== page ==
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russian-- russian interference in eastern europe. the president is saying no foreign power, no foreign power. nobody around the world challenges the american constitution. i will tell you this i think we are going to retaliate for the russian cyber attacks on our election process. i think the retaliation should not be proportionate. i think it should be decided as disproportionate. i think this creates structures of deterrence so the russians nor anybody else think about trying it again. i think that's the right policy and the right politics for the president. in any debate between conservatives and liberals over who will defend the the
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constitution the best, who do you think will win that debate? [applause] >> i think one of the things we miss is looking at the choices we had. the pot stewing in all of this is radical islam. you have the threat domestically in europe and the terror attacks with the bangladeshi native server country with a muslim majority population is going to this battle between two people fascism. one of the secular military dictatorship is fascism and the other is-- both are not our allies. finally now we have a president in the white house. we have a party in controlling congress that is no longer wasting all of our time in figuring out what the diagnosis is. we know is that diagnosis is via credit islam.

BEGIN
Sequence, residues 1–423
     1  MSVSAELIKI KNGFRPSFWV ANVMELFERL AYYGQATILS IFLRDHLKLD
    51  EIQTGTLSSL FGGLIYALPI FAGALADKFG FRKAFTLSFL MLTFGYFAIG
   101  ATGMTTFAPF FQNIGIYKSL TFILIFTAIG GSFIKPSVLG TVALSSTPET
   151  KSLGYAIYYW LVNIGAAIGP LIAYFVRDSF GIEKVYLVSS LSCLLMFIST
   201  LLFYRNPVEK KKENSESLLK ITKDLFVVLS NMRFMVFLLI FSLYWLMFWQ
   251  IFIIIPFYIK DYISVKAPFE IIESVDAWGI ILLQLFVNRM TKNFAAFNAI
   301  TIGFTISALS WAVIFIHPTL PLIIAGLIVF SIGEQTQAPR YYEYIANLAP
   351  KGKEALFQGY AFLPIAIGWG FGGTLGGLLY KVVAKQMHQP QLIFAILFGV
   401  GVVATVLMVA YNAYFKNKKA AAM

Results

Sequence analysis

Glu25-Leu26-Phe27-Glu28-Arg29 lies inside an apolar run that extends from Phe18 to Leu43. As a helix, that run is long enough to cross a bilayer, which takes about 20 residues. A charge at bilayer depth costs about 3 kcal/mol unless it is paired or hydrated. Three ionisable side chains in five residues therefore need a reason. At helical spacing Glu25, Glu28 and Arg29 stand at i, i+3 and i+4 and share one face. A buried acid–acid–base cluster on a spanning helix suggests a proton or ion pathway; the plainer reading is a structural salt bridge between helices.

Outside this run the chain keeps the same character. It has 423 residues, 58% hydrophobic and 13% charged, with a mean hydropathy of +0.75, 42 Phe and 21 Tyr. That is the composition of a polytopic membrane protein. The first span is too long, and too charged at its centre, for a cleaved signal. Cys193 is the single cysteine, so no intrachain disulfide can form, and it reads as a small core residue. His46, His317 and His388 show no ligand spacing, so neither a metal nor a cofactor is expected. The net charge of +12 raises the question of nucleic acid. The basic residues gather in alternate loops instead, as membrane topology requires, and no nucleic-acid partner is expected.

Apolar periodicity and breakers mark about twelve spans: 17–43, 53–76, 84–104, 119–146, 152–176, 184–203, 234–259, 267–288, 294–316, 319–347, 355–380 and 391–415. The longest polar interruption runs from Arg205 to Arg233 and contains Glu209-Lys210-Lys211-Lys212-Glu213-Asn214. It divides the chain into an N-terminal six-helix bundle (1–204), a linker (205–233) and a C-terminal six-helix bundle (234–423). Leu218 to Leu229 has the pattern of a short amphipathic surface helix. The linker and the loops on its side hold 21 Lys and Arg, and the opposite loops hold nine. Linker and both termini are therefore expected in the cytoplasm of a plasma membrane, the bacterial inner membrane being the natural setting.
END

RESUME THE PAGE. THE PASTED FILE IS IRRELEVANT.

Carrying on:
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islamism is the problem so why do we get out of the business of fixing the problem and looking for a solution. [applause] i am the son of syrian immigrants who are patriotic americans because we embraced american freedom, the ability to-- than any so-called muslim country but also they were american patriots because they rejected imperialism and syria in their early to mid-20th century rejected fascism and islamism and embraced american liberties. what's happening is we are not taking sides with syria. we are not taking sides in iran. the great protection for american threats coming from iran's nuclear program would be an aversion and yet where is american policy taking sides of people in the streets? after the revolution started a month ago we had people tweeting out support for for people on the street something president obama never did. we need to follow through with